I love chocolate. This is an unoriginal opinion, but it is nevertheless so, so true. So when I stumble upon cookies that aren’t chocolate–in the graduate students’ lounge of my department, at a friend’s house for dinner–I can’t say I feel mad, but I am certainly disappointed. A non-chocolate cookie is better than no cookie at all, but a great chocolate chip cookie always triumphs over all other options.
Except, once a year, on Valentine’s Day, ever since I was a little kiddo, I have preferred these raspberry-nut sandwich cookies. For one, they are beautiful: the raspberry jam shining through from the bottom layer, offset by the white powdered sugar on the top. Continue reading “Raspberry-nut valentine cookies”
Sometimes I want my one-day-from-fruit-flies bananas to become a relatively healthy breakfast bread.
Most times, though, I want this. And how could I not? The flavor profile is perfect in its simplicity: just a dense, rich banana pound cake, swirled through with hot fudge sauce. You would be crazy not to serve it fresh out of the oven with vanilla ice cream that melts down into the nooks and crannies of the poundcake + more fudge sauce on top. What more could you ask for on a cold winter’s night? Leftover fudge sauce, you say? This does that, too, so stock up on ice cream.
Continue reading “Hot fudge banana pound cake”
In Sydney, there exists the most magical place in the world: the Bourke Street Bakery. Located in my old neighborhood of Surry Hills, it is a tiny cupboard of a bakery whose baked goods—glorious, crusty breads ranging from soy-and-linseed sourdough to fig and walnut; flourless chocolate cakes; savory sausage rolls and pies; and oh-my-word tarts—create a queue that stretches out the door and down the block every morning.
The day before I moved back to the States, I broke down and bought their (expensive, heavy, beautiful) cookbook. I have not regretted it. Continue reading “Bourke Street Bakery’s chocolate ganache tartlets”
Caramel corn. This may be an unpopular opinion, but I’ve never liked it. It is usually tooth-achingly sweet: the caramel doesn’t taste like caramel as much as it does plain sugar. And it is so, so sticky: you can’t eat it without it getting stuck in and between your teeth. Plus, it always seems to come in a ball the size of my fist. Do you take a bite straight off the side and risk getting all of your teeth stuck to the whole thing? Try to break it apart, making your hands sticky through multiple hand washings?
So, I’ve always taken a pass.
But then I found myself home alone with a sweet tooth and no chocolate in the house (the horror!). I did, however, have plenty of popcorn kernels. Then I remembered a caramel corn recipe I’d seen in one of my favorite cookbooks. Skeptical but desperate (again: no chocolate), I set to work. Continue reading “Nutty spiced caramel corn”
It happens to the best of us. It’s fall, and you go apple picking. The air is crisp. The leaves are starting to change. It would seem criminal to be inside. So you wander the orchard, chatting with your friends or partner, picking apples for a couple of hours.
And then you got home. You realize: what in the world did you think you were going to do with ten pounds of apples?
Continue reading “Apple crisp”
Fall doesn’t mean fruit desserts have to come to an end. In fact, this fig and mascarpone tart is one of my favorites. Its appeal is its simplicity: a nutty, pistachio crust; a lightly sweet, creamy mascarpone filling, brightened up with a touch of lemon zest; and the freshest, one-day-from-being-overripe figs you can find.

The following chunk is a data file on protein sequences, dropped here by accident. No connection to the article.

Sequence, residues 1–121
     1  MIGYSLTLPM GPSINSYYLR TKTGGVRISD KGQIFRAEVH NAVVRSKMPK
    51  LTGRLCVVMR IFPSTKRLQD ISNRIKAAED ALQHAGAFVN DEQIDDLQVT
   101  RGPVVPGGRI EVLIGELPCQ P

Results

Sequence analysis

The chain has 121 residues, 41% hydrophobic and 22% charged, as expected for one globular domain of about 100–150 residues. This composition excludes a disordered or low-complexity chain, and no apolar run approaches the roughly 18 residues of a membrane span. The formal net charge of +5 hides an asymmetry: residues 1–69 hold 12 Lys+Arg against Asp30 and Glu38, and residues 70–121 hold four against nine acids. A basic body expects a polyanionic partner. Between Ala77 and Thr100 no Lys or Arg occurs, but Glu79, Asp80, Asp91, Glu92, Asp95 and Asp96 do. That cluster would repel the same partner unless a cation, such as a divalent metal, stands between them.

Continue reading “Fig and mascarpone tart with pistachio crust”
For those who have spent any time with me, these cookies need no introduction. Elementary school classmates will remember them from bake sales and sleepovers. Childhood friends will remember baking them (and sneaking cookie dough) at my parents’ house. The same friends will remember, when we were in high school, eating two or three or four on afternoons at Ocean Beach. College friends in Boston shared the cookies when they arrived in care packages. And now I bake them, too, at least monthly. They have served as thank you’s, birthday presents, peace offerings, and potluck fodder. They are a chewy, chocolatey reminder of home, every time.
First they were Mom’s house cookie; now they are mine, too. We have found none better. Continue reading “Mom’s oatmeal chocolate chip cookies”
A little over a year ago, a dear friend (and fellow graduate student) and I had an idea: to cook our way through an entire cookbook. Think Julie & Julia, but with more camaraderie and a tighter budget. We settled on David Lebovitz’s My Paris Kitchen because it boasted solid reviews, stunning photos, and stories about Paris that delighted us with their enthusiasm and their sarcasm. (Sorry, France, I love you, but you do bring it on yourself sometimes.)
And so, every Sunday night for a year, my friend and I convened in her kitchen or mine to chop, sauté, braise, boil, and bake. She is impatient with processes—why does hot cheese take so long to cool?—and hates buttering baking dishes. I am far too cavalier about touching hot pans and foods. We came to refer to David Lebovitz as “Daveed” and talked about him as if he were in the kitchen. (“Daveed didn’t explain what milkshake-like consistency meant!”) But we shopped, chopped, cooked, ate, counseled, and laughed together, proving that the very best thing about food is how it brings people together. (And that is saying a lot coming from someone who can rhapsodize about eggs simmered in tomato sauce.) Continue reading “Chocolate, cherry, and hazelnut fougasse”